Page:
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Buzz marketing with blogs for dummies - Gardner S.

Gardner S. Buzz marketing with blogs for dummies - Wiley publishing , 2005. - 361 p.
Download (direct link): buzzmarketingwithbl2005.pdf
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13) If your life is in turmoil and/or you're unhappy, don't write. When I was going through my divorce, it affected my writing in subtle ways. Lately I've been feeling a lot better, and I notice my writing and readership quality has been going up too.
14) If you don't have the answers, say so. Not
having the answers is human. But, get them and exceed expectations. If you say you'll know by tomorrow afternoon, make sure you know in the morning.
15) Never lie. You'll get caught and you'll lose credibility that you'll never get back.
16) Never hide information. Just like the space shuttle engineers, your information will get out and then you'll lose credibility.
17) If you have information that might get you in a lawsuit, see a lawyer before posting, but do it fast. Speed is key here. If it takes you two weeks to answer what's going on in the marketplace because you're scared of what your legal hit will be, then you're screwed anyway. Your competitors will figure it out and outmaneuver you.
18) Link to your competitors and say nice things about them. Remember, you're part of an industry and if the entire industry gets bigger, you'll probably win more than your fair share of business and you'll get bigger too. Be better than your competitors ó people remember that. I remember
sending lots of customers over to the camera shop that competed with me and many of those folks came back to me and said "I'd rather buy it from you, can you get me that?" Remember how Bill Gates got DOS? He sent IBM to get it from DRI Research. They weren't all that helpful, so IBM said, "Hey, why don't you get us an OS?"
19) BOGU. This means "Bend Over and Grease Up." I believe the term originated at Microsoft. It means that when a big fish comes over (like IBM or Bill Gates), you do whatever you have to do to keep him happy. Personally, I believe in BOGU'ing for EVERYONE, not just the big fish. You never know when the janitor will go to school, get an MBA, and start a company. I've seen it happen. Translation for weblog world: treat Gnome-Girl as good as you'd treat Dave Winer or Glenn Reynolds. You never know who'll get promoted. I've learned this lesson the hard way over the years.
20) Be the authority on your product/company.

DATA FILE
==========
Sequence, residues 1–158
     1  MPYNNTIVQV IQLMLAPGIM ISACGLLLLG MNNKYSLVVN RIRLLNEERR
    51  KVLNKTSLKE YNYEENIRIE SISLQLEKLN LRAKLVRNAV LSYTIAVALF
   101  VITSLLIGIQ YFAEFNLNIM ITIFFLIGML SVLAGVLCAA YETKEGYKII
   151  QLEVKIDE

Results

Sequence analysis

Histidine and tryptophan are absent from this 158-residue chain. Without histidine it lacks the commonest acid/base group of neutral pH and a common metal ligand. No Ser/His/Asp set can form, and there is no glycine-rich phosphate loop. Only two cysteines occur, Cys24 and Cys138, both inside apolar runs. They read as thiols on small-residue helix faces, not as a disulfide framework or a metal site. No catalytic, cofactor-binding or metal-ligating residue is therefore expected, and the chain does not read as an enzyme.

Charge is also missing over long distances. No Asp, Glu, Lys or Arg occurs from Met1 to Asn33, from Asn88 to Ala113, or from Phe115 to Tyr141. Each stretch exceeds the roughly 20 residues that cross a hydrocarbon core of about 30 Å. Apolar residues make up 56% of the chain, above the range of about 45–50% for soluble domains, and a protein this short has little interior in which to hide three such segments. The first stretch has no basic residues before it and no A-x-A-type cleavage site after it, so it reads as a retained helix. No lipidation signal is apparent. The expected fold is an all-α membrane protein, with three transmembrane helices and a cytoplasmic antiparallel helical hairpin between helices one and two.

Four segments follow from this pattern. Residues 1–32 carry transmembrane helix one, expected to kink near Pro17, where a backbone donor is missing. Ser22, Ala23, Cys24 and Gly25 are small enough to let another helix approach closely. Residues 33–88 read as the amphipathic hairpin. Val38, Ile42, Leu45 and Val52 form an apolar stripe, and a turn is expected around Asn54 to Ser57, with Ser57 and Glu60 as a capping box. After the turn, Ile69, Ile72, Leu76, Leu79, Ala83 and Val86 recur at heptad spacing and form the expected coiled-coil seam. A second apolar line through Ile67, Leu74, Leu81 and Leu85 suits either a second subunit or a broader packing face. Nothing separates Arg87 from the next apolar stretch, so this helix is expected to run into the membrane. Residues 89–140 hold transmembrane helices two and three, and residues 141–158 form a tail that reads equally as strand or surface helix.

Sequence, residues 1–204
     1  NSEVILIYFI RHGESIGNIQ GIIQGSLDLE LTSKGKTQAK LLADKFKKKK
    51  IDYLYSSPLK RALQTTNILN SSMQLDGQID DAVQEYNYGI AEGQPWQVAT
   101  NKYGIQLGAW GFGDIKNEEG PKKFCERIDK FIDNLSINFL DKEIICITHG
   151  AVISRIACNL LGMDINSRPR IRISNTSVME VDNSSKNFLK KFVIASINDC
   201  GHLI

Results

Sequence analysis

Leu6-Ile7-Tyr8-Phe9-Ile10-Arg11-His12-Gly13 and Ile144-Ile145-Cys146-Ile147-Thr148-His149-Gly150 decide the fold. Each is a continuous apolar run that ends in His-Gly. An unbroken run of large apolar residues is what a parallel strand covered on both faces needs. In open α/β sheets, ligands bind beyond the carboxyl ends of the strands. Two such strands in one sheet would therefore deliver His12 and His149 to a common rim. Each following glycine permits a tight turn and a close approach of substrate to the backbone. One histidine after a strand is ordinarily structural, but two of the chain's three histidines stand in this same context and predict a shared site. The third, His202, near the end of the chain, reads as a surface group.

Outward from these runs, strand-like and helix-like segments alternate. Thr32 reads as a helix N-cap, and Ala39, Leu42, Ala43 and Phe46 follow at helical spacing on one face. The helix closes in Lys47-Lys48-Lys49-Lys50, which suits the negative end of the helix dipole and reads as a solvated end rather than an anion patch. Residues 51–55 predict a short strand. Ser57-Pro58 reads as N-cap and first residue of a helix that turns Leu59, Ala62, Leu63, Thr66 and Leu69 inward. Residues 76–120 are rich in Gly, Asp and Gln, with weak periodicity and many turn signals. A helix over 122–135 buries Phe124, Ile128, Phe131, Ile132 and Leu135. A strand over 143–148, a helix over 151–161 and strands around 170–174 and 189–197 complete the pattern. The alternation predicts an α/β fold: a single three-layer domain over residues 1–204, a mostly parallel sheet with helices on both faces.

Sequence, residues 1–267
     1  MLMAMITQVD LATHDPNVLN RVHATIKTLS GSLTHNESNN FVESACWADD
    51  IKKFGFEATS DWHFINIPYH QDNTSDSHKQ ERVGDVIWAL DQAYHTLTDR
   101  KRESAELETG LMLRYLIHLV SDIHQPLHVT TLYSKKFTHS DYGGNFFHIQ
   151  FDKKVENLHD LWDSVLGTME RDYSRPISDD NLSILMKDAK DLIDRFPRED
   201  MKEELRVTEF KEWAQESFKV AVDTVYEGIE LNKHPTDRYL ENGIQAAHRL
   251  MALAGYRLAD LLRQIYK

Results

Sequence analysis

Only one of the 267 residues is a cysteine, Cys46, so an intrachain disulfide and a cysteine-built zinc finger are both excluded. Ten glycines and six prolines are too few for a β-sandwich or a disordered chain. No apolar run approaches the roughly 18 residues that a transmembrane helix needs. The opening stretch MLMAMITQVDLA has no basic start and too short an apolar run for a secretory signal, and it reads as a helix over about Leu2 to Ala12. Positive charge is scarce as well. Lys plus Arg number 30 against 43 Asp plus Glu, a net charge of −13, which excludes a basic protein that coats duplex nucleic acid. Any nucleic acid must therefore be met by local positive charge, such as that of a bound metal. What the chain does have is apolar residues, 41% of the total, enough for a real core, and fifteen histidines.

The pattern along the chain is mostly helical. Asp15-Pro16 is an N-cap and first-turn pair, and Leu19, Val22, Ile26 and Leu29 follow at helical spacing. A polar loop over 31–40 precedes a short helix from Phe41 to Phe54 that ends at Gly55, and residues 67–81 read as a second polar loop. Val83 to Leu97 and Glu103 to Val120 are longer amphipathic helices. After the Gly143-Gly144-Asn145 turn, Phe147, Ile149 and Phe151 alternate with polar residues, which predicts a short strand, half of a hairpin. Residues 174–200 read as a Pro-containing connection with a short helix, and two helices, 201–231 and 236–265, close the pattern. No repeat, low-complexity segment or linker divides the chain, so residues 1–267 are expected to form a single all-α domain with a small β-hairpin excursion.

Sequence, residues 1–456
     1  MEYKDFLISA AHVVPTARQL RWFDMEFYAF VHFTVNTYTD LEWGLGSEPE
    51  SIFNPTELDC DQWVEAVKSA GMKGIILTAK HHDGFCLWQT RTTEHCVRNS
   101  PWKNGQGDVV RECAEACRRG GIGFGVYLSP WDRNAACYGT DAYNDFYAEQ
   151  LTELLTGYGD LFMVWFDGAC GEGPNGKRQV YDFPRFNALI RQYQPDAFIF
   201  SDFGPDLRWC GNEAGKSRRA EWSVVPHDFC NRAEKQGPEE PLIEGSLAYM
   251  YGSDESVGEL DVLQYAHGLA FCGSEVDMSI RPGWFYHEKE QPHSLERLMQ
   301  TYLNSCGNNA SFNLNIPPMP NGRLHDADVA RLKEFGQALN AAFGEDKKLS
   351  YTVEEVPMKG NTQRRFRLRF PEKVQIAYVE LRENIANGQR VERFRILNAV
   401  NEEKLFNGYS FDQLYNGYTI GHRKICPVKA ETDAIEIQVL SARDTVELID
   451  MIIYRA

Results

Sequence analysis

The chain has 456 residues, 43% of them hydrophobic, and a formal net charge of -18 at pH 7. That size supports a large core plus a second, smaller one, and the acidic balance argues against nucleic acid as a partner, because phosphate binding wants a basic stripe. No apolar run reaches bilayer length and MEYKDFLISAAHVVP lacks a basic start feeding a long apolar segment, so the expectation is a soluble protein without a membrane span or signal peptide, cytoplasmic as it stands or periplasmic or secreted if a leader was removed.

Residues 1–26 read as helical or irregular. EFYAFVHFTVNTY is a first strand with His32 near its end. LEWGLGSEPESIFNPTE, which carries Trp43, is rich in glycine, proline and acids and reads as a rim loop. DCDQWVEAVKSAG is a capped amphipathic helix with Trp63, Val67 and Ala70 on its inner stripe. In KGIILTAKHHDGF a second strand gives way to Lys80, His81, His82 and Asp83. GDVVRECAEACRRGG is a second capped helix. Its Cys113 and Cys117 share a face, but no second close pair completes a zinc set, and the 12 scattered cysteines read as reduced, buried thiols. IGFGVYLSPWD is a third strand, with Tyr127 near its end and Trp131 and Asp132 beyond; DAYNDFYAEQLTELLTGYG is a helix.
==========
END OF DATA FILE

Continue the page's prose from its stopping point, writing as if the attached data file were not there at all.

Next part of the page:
You should know more about your product than anyone else alive, if you're writing a weblog about it. If there's someone alive who knows more, you damn well better have links to them (and you should send some goodies to them to thank them for being such great advocates).
Any others? Disagree with any of these? Sorry my comments are down. Now Hotmail is down too. Grr. Where's the "Hotmail weblog" where I can read about what's going on at Hotmail? So, write about this and link to it from your weblog. I watch my referrer links like a hawk. Oh, is that #21? Yes it is. Know who is talking about you.
The tone of a blog written by several people isnít necessary less personal than one written by a single individual, but the overall effect is a collective one. Readers note that different authors have different styles, but think about the blog as a whole. Encouraging participation from these different personalities can be a very powerful technique for conveying the attitudes and styles of a company.
166 Part IV: Positioning Your Blog
Figure 10-1:
FC Now successfully combines the work of several bloggers.
However, you should be careful not to dilute the overall effectiveness of the blog by flitting among too many disparate topics or allowing one personality to dominate. Fast Company, for example, has a history of sharing news articles and Web sites internally as information for its staff. The FC Now blog (blog.fastcompany.com) became the external version of that information exchange, and generates high-level discussion between staffers and readers. FC Now, shown in Figure 10-1, is created by multiple bloggers, and sometimes guest bloggers are added to the mix as well. Because each blogger focuses on business issues, the result is varied but still focused.
© 2005 Gruner and Jahr USA Publishing
Practice makes perfect
The best way to improve your blog-writing skills is, quite simply, to practice. Get into the habit of reading several blogs you admire, right when you start your day. As you blog, emulate the style of bloggers you think are using the medium well. When you find a blog entry you think really works, spend some time thinking about why it works.
Perhaps you admire the choices a blogger makes in what they blog about. Perhaps itís the writing style. If you consciously try to identify the factors that make the posting good, you have a better chance at incorporating those elements into your own writing style.
Chapter 10: Finding a Voice
167
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The blogging medium isnít designed for perfectionism. If you spend 20 minutes agonizing over the word choices in a single sentence, then you spend hours formulating a single blog posting. You wonít post often, and itís likely that your readers, though they appreciate the quality of your posts, realize the blog isnít updated frequently and stay away.
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